Summary: Putting off law school for a year may a good idea since many top law schools are now weighing work experience with higher priority.
Law school applications used to rely heavily on Law School Admissions Test Scores and grade point average to decide which students to admit. A strong personal statement could also play a pivotal role that students knew they needed to pay attention to, according to U.S. News.
Law schools have been putting greater priority into the work experience that students are bringing with them, in a way telling potential students that they may fair better going out and doing an internship or volunteer work instead of applying straight from college.
Former Harvard Law School Dean Martha Minow started the change in 2009 when she told the admissions committee to âgive extra weight to applicants with experience since college.â A result of this move was a drop in students moving straight from college to Harvard. In 2009, 40 percent of students matriculating at Harvard that had come straight from college was 40 percent. This was done to 19 percent by the Class of 2020.
Northwestern University Pritzker School of Law Dean Daniel B. Rodriguez confirmed to Fortune magazine that they also put âa strong emphasis on work experience,â starting with their fall 2017 class, where 86 percent of the students had at least one year of post-college experience.
Now that application numbers are starting to creep back up since the recession, law schools will have the ability to be more selective when evaluating applicants. Work experience may be the reason one student is selected over another with similar academic credentials. This increase in applicants, referred to as the âTrump Bump,â was credited with encouraging those who were involved in legal disciplines to pursue law school.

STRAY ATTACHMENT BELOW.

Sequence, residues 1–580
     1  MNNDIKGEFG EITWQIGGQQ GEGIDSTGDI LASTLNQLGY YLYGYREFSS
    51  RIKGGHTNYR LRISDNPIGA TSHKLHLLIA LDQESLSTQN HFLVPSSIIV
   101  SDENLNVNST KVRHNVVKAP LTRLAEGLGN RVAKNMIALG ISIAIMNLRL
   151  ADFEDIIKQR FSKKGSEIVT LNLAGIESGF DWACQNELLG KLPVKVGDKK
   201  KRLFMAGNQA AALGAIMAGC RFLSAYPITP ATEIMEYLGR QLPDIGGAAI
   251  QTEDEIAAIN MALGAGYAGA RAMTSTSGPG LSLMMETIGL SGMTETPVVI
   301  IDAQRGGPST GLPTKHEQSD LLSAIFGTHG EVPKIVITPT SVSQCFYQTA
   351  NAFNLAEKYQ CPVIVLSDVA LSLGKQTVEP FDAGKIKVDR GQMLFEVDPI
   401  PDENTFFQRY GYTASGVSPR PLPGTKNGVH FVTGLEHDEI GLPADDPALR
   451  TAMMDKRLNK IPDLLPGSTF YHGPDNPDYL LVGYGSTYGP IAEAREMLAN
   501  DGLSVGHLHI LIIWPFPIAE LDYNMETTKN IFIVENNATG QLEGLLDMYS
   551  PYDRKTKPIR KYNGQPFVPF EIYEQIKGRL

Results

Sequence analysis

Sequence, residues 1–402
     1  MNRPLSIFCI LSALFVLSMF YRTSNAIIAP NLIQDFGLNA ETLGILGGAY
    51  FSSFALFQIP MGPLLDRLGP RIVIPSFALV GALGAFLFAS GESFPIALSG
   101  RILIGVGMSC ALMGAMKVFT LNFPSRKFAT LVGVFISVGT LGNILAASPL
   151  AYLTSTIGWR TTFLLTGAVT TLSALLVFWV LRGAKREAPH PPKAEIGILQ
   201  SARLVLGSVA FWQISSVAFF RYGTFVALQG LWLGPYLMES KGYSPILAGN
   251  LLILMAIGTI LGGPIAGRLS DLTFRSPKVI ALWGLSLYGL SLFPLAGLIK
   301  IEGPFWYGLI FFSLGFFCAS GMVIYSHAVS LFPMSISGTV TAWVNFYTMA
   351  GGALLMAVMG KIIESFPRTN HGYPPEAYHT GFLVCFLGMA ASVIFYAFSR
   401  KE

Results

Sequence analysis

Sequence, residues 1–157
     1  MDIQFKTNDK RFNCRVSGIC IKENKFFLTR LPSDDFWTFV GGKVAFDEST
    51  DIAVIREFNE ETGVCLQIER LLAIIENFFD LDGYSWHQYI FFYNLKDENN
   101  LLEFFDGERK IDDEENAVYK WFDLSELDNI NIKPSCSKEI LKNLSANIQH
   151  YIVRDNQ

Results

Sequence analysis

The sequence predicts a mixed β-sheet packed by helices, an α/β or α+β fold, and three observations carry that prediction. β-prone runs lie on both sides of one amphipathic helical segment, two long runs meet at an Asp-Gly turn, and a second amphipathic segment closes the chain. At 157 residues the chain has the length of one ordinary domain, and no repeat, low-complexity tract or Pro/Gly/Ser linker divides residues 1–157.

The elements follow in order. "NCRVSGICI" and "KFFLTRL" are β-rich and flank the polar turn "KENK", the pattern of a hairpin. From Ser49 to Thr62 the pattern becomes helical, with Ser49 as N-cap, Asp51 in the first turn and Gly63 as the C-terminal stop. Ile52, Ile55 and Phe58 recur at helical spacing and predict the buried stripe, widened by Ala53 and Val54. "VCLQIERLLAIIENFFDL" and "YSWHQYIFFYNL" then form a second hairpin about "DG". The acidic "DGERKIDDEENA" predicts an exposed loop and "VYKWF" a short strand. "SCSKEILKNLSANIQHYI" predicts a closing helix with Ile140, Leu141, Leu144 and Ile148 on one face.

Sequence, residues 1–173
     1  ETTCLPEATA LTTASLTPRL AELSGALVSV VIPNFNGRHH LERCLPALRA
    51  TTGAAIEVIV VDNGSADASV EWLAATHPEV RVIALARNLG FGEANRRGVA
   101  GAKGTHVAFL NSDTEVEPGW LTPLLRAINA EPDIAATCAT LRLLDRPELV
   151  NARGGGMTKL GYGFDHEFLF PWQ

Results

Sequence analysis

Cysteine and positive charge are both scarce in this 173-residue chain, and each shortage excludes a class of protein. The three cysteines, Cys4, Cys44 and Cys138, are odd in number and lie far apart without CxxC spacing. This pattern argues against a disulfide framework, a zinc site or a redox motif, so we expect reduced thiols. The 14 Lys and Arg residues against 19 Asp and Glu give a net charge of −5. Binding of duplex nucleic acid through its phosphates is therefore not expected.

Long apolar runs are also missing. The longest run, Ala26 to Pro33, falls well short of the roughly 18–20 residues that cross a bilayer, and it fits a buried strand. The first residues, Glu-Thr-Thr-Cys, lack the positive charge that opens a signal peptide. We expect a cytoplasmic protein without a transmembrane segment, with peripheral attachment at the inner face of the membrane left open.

Students that are not wanting to put off law school for a year or two can still level the playing field. Applicants can utilize whatever experience they do have, such as summer internships, teaching or research assistant positions, and any leadership positions from chairing the pre-law society or editor of the law review. Whatever experience the student has, it should be part of their law school resume and emphasized whenever possible.
One place to highlight experience is in the personal statement where it can be brought to the readerâs attention about what that experience has taught you. This also allows the student to provide specific examples of any particular events that played a role in their development of leadership, maturity, and diligence.
These law students can also include an addendum with their application that explains their lack of experience to the admissions committee. Law students should be including one when they know part of the application will make the law school apprehensive about them but the student has a valid reason for the weakness.
Remember, not every law school emphasizes work experience so before doing the addendum, ensure the law school is looking for work experience.
Do you think work experience is important? Share your thoughts with us in the comments below.
To learn more about law school applications, read these articles:
- Law School Applications See Big Boost in Numbers This Cycle
- Number of Law School Applications Increased for 2018
- Law School Application Advice from Recent Graduates